Wednesday Wondering – All About Genre

Hello and welcome to March’s Wednesday Wondering. Last month, I attended a one-day script writing workshop at a local theatre. We were given some prompt images pasted from the Internet and asked to develop our characters and plot from these images. I found myself selecting an elderly couple and developing a plot that stepped back in time to WWII. I was actually really proud of the plot I developed, but came away with the overriding feeling that it was a novel rather than a play, and that I wanted to develop it further.

bookshelves1This isn’t the first time I’ve outlined a plot that takes me back to WWII. I attended a creative writing workshop several years ago and developed a story of two friends who became nurses during the war who both fell in love with the same man. It arrived in my head as a fully-formed story and it’s begging to be written one day.

The problem is, it’s not what I normally write.

When I started writing, I’d have classed myself as a writer of romcoms. I write female-led romance stories with characters in their late twenties to early thirties. However, as the trilogy developed, I realised that my storylines were a bit deeper than that and, although there are some funny moments, they’re less comedy and more about character development. If I have to put a label on them, I’d probably say contemporary women’s romance.

They’re not history, though. They’re not set in WWII. So why do I keep going back to WWII and setting stories then? It’s an era I have some awareness of from history lessons in school and watching films or TV programmes set at that time but I wouldn’t have ever said I was particularly drawn to that era. Or am I? I’m in my early forties so wasn’t alive during the war, my parents were born in 1944 and 1945 so they don’t have any recall either, and my grandparents on both sides of the family are no longer with us so I’m not surrounded by insights into this time. Yet I can’t stop thinking about it.

Karen cocking2When I was younger, I devoured Catherine Cookson books. My mum is a huge fan so I borrowed them all off her. Maybe this is where the history interest spans from, although most of Catherine’s books were set much earlier than WWII so, again, I don’t know where the pull of that era comes from. All I know is that there is a pull. So, after I’ve written the trilogy and book four, maybe I’ll address it.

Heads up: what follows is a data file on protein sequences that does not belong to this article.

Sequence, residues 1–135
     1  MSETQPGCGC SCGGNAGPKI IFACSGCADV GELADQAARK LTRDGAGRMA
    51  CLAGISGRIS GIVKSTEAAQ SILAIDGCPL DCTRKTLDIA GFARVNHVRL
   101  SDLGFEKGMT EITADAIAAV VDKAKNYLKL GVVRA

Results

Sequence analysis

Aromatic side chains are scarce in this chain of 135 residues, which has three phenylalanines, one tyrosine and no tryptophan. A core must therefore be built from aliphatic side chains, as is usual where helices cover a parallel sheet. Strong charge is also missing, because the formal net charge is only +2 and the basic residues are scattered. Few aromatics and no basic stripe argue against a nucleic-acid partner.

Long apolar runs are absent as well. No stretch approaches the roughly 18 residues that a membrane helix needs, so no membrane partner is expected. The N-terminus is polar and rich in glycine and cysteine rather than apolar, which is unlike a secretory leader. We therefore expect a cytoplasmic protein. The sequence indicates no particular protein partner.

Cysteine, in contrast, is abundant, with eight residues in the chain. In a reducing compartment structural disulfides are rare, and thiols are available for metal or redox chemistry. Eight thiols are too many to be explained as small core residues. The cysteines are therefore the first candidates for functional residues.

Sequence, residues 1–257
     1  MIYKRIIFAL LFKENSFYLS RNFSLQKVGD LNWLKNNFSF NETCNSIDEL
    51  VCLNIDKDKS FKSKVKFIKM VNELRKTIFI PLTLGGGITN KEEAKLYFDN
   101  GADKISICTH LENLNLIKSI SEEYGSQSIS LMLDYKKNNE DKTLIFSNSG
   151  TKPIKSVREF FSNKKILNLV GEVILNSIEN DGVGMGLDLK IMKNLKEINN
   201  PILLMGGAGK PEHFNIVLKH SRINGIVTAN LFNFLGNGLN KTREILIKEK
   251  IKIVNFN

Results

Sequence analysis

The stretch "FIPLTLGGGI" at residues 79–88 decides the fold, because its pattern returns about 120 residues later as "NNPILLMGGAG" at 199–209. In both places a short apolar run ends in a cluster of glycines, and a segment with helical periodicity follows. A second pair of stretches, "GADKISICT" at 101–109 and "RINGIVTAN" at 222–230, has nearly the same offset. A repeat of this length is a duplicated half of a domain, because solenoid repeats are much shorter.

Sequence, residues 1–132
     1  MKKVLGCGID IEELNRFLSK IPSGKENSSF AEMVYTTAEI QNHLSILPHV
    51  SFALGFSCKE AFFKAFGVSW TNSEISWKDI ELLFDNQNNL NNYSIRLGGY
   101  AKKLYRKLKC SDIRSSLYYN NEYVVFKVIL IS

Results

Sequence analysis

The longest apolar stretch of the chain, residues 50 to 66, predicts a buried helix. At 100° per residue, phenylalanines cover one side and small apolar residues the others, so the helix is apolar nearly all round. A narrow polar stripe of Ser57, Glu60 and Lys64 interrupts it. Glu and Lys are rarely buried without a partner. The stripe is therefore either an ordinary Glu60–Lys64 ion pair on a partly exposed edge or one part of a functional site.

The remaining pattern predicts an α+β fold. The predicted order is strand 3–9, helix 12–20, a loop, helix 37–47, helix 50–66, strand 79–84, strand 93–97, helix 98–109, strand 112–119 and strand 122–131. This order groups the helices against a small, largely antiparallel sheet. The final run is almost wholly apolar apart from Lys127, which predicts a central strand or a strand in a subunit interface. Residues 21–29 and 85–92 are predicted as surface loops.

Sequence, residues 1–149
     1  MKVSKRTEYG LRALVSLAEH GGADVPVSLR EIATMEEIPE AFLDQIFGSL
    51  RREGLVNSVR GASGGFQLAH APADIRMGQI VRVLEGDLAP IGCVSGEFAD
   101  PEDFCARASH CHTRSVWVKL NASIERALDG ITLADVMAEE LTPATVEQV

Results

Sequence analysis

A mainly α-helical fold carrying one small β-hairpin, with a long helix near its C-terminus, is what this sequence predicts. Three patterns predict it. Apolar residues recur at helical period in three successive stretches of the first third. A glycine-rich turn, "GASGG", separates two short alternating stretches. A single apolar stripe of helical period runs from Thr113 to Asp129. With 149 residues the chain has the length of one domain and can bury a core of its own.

My WW this week is therefore all about genre. I asked the Write Romantics:

What genre do you typically write and why?

Have you every ‘dabbled’ in a different genre. What was it? Why? How was the experience?

Would you try writing in a different genre? What and why?

What genre(s) do you mainly read?
Have you tried reading outside genre?

For me personally, contemporary women’s romance is my favoured genre for reading, but I do dabble in history, thrillers, contemporary non-romance and also children’s books. I’ve toyed with writing a thriller and a YA book and may still do so. After the historic ones. Or perhaps number five of the romance ones …

Jessica xx

Helen R says…

I typically write a cross between women’s fiction and romantic fiction. Usually there is a romantic thread in my story but there are other themes too such as family and friendship so a few subplots running at the same time.

I’ve never ‘dabbled’ in a different genre and I’m not sure whether I ever will or not, but if I had to choose another genre it would be teen fiction. I loved Judy Blume books as I was growing up – I couldn’t get enough of them  – and I’d love to be talented enough to write for the same type of audience.

I’ve recently read a couple of books outside my genre, both historical fiction. I enjoyed both although they were definitely more heavy going than what I’m used to. It was refreshing to read something different though and you start to learn a bit about different techniques used in different genres.

Deirdre says…

I find it difficult to say what genre I write in, firstly because there are such widely differing opinions on genre definition, and secondly, I don’t set out to write in a particular genre. I get an idea and run with it, and it will be what it will be.

OLYMPUS DIGITAL CAMERAMy first novel I labelled as contemporary women’s fiction for the purposes of submitting but when I self-published it, I felt that needed qualifying so it became rom-com, although I wasn’t sure there was enough humour for that. With my next, Remarkable Things, the first to find a publisher, I fought against pinning a label on it and it morphed into something slightly different each time I submitted. The closest I can get is contemporary women’s fiction with a romantic thread. My male reader enjoyed it, though, and said the ending brought a tear to his eye, so maybe it’s not exclusively for the women’s market, who knows?